Functional neurology shows promise in the treatment of post-Covid 19 vestibular and neurological symptoms
As early as 2019, the Mayo Clinic began reporting that people, even those who had experienced relatively mild Covid-19 symptoms, suffered what was called “long Covid” or “post-Covid-19 syndrome.” Researchers noted the onset of vestibular symptoms such as vertigo that hadn’t been present during the initial infection.
In 2020, the Journal of Neurological Sciences published further research identifying Post-Covid 19 Neurological Syndrome (PCNS), noting symptoms such as insomnia, anxiety, depression, dizziness, headaches, fatigue, and even symptoms of Post-Traumatic Stress Disorder (PTSD). They also noted that because the pandemic was still ongoing, it was too early to know the full effects of PCNS.
In a 2021 article in The International Journal of Audiology, researchers pointed to reports of vestibular symptoms associated with Covid-19 but noted more research would be necessary to fully understand the scope of these symptoms.
So while we don’t have a complete picture of the scope of these occurrences, we do know that therapies proven effective in treating vestibular and neurological symptoms caused by other disorders and injuries can also be effective in treating these symptoms caused by Covid-19.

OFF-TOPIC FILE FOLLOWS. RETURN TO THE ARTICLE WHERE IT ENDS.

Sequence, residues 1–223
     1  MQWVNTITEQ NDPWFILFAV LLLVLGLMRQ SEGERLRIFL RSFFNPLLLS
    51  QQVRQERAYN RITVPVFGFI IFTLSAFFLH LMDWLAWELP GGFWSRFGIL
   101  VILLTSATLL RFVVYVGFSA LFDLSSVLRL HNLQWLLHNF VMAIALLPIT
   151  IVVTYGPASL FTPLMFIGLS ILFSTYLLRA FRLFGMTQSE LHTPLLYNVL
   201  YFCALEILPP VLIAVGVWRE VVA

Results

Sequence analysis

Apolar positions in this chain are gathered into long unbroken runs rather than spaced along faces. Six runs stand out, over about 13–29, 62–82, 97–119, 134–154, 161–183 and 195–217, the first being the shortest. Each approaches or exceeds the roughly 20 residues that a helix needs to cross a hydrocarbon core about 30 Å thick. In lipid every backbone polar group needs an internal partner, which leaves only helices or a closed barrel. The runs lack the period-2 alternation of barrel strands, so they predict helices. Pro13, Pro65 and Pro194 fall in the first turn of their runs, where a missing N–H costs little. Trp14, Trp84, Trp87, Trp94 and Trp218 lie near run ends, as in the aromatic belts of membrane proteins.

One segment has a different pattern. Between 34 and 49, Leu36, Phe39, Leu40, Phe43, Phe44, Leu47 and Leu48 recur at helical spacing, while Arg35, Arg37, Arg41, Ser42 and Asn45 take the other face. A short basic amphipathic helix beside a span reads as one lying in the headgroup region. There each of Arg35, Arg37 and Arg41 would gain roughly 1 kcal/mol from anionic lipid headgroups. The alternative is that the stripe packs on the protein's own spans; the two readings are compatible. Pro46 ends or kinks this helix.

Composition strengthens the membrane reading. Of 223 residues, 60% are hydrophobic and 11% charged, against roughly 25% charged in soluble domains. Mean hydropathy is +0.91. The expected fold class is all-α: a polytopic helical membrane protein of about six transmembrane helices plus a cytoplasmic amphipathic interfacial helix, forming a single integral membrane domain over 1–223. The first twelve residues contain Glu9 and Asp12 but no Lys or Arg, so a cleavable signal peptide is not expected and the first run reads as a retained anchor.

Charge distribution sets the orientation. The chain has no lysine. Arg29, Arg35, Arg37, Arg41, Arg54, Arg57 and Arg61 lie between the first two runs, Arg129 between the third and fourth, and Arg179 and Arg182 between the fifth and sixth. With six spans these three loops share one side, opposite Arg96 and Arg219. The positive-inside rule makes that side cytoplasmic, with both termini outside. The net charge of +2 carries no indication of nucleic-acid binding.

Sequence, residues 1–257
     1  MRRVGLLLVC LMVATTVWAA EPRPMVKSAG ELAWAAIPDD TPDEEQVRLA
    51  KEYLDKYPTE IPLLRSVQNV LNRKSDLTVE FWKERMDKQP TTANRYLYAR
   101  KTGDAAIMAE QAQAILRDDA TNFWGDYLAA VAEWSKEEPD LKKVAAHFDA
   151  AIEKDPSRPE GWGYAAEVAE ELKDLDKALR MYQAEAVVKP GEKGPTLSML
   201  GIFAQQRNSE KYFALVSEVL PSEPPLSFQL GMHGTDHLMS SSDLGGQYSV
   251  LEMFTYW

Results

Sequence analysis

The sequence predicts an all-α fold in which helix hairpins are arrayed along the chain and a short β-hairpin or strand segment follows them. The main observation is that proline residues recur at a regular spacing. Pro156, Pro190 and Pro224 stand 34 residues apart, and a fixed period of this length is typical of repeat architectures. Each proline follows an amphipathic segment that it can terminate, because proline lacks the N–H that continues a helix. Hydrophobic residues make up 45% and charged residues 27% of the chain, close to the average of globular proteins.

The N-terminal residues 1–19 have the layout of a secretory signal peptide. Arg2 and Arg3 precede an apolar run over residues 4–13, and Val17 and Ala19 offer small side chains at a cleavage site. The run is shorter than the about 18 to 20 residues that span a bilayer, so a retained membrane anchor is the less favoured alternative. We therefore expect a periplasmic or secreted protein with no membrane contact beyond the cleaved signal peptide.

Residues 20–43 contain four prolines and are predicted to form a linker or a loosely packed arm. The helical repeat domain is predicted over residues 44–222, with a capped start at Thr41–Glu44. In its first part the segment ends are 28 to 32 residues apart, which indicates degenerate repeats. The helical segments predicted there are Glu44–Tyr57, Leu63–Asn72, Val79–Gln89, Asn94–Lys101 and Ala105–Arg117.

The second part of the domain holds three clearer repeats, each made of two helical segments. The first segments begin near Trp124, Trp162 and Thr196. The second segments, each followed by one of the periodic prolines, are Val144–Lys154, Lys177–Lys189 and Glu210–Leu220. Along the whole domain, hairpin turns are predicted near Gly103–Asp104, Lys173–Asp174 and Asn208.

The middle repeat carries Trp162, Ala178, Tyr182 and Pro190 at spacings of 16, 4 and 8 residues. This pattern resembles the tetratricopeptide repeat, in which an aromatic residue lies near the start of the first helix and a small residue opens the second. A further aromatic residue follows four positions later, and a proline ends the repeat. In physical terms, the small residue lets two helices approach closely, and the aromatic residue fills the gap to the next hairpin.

Our team at Neurohealth Services in Indianapolis has treated a number of patients still experiencing neurological and vestibular effects of Covid-19. Because we specialize in treating patients who’ve been unable to find relief elsewhere, we have experience using advanced diagnostic tools to uncover metabolic, immune, and psychological factors that may be hindering recovery.
Our neurorehabilitation therapies designed to target specific areas of the brain to stimulate cell repair and regrowth, increase circulation, and reduce inflammation have shown to be effective in patients experiencing PCNS.
If you’re experiencing long-term symptoms related to Covid-19 such as dizziness, insomnia, confusion, headaches, fatigue, anxiety, or depression, call us at (317) 848-6000 to learn more about the treatment options that are available.